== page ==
Hansen notes that military coups have taken place in all kinds of cultural, political, and historical conditions in Africa, concluding: "This means that there cannot be a single explanatory model or variable which explains military intervention in African states." But surely Hansen is wrong here. While there are significant, even profound, differences between states, the states of Africa do have certain structural features in common, and these are connected with the continental predisposition to military rule. They nearly all have a neocolonial economic-political structure. What this means is that unlike the European capitalist states, for example, they are not able to sustain ruling classes by the consent of the people. They cannot do so for long periods because they cannot conceal their rule under the veil of pervasive and dominant commodity-exchange relations as a true bourgeoisie does. The parasitic and predatory nature of neocolonial ruling classes is clearly manifest to almost everyone. Hence only force can sustain it in the long run. This is not to deny that there are a wide variety of specific conditions in African states dictating the when, why, who, and how of military coups and rule.
The main body of Hansen's argument is excellent, however. He rejects certain approaches to understanding the military coup, such as explanations exclusively in terms of the politics operating within the military body, or in terms of the military as a distinct class. He correctly insists on seeing the military as integrated within the class forces in the society as a whole. On this premise he gives a first-rate summary of the post-independence experience of Ghana.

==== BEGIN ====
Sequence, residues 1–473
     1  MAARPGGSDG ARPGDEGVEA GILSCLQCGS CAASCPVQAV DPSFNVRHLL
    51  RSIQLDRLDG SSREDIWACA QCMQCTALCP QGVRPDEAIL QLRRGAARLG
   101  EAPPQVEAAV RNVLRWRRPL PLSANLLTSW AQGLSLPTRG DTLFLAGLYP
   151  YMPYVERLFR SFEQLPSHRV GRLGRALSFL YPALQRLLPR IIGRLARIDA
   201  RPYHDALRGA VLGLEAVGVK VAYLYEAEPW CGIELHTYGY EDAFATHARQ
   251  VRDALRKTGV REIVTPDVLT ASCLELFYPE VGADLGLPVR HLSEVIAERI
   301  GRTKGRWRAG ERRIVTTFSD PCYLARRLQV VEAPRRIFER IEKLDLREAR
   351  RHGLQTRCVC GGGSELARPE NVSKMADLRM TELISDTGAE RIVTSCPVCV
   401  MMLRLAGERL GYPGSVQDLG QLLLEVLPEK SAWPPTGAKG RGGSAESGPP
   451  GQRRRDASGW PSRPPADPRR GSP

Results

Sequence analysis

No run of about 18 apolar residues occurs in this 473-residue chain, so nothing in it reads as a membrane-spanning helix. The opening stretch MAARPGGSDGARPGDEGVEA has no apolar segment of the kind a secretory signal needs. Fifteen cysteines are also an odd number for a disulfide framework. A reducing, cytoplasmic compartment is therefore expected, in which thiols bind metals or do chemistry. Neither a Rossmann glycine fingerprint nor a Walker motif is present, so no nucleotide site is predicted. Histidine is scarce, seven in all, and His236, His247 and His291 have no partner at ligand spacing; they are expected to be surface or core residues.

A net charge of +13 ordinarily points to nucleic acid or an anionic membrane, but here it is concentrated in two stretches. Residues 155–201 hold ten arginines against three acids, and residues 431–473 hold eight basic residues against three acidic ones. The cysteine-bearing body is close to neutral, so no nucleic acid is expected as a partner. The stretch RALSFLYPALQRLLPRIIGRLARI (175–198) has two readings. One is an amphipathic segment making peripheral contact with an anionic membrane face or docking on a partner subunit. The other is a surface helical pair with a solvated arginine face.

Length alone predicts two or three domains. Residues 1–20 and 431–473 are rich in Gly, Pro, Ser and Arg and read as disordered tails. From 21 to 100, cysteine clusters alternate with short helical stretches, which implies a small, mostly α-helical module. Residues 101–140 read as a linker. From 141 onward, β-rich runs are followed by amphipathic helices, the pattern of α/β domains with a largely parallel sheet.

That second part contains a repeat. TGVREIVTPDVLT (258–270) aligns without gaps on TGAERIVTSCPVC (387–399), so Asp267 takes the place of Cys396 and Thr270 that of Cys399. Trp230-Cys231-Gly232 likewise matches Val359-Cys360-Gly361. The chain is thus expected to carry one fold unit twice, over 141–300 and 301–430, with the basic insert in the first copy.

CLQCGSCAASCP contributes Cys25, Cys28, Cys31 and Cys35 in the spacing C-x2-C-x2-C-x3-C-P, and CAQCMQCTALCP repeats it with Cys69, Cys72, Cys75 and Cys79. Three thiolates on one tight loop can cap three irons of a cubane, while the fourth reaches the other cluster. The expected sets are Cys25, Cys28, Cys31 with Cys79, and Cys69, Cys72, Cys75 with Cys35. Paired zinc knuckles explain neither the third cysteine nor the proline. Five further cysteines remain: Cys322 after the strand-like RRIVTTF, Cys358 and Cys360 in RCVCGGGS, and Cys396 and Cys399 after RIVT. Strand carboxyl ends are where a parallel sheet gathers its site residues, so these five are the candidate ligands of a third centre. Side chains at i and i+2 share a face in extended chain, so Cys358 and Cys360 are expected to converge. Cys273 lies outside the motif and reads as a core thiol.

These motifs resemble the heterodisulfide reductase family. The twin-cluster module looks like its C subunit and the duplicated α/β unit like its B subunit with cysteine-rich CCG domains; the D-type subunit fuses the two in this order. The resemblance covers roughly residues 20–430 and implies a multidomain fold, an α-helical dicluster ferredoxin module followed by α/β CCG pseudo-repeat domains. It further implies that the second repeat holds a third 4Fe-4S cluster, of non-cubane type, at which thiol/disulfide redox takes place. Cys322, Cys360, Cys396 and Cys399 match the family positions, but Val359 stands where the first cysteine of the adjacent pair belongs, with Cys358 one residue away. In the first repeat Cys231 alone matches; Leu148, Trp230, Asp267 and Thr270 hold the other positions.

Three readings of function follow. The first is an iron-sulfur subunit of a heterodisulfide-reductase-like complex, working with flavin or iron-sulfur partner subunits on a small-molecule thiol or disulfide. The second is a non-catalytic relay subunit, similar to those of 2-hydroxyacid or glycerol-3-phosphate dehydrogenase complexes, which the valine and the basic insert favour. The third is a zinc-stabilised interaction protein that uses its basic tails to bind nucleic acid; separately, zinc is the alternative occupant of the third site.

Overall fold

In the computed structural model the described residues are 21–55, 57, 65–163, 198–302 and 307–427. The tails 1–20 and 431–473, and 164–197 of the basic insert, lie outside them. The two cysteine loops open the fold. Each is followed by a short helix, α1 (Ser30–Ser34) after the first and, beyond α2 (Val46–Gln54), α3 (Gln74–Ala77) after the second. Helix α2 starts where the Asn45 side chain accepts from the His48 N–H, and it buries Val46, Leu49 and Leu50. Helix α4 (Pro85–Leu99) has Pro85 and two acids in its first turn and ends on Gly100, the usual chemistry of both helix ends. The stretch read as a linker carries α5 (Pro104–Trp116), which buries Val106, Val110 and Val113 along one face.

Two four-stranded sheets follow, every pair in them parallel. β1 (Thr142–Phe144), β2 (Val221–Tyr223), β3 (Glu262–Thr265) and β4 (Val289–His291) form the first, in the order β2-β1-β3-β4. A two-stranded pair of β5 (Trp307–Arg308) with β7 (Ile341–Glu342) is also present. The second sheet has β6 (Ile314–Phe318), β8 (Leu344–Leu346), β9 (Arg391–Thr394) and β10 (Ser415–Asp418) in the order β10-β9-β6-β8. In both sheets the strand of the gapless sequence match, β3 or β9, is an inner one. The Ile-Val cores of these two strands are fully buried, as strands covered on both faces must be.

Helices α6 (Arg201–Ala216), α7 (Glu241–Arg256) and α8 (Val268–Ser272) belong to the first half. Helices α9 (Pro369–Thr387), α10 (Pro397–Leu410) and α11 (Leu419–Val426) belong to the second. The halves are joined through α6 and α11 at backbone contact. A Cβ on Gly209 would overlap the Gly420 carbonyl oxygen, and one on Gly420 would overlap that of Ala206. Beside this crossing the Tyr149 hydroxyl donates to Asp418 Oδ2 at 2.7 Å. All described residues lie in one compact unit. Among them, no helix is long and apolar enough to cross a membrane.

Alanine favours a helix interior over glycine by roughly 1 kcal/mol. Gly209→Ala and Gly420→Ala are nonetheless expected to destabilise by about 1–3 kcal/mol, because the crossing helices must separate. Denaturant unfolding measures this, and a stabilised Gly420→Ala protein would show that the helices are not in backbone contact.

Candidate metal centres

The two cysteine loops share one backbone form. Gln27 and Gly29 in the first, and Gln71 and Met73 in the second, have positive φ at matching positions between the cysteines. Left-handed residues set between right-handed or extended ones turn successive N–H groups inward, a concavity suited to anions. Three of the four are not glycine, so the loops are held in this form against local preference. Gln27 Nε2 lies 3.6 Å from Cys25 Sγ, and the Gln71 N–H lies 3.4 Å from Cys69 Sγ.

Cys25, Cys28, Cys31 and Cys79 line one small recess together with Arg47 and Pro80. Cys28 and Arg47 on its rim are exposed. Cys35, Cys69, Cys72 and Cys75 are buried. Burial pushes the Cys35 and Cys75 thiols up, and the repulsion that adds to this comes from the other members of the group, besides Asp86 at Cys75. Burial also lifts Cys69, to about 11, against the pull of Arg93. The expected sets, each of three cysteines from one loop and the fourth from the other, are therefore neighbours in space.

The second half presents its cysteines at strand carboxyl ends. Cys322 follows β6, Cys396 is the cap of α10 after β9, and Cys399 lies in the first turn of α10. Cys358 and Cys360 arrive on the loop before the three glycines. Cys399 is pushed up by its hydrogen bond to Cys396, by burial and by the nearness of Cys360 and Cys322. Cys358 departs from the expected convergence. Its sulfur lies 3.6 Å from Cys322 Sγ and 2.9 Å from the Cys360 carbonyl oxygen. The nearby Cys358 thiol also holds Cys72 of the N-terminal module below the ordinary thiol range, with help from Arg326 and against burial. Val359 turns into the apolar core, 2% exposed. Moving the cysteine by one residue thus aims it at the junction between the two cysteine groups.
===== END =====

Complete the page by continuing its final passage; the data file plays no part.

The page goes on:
The July 4, 1979, coup "was in a way a class conflict in the Armed Forces," the rebellion of the lower ranks against the officers coinciding with "the feelings of the lower petty bourgeoisie, the workers, and students," says Hansen. Thus the class division in Ghana cuts across the military-civilian division. Rawlings' second intervention on December 31, 1981, marked an increasing recognition of the location of the class division in Ghanaian civil society and the Ghanaian armed forces. Hansen concludes: "What is significant about Rawlings' second intervention is that it is a coup with revolutionary import. It is the unfolding of the revolution which is now firmly on the agenda."
We look forward to Hansen's reports in future issues of the Journal of African Marxists on the progress and problems of the revolution in Ghana, so that all African progressives may benefit from the experience.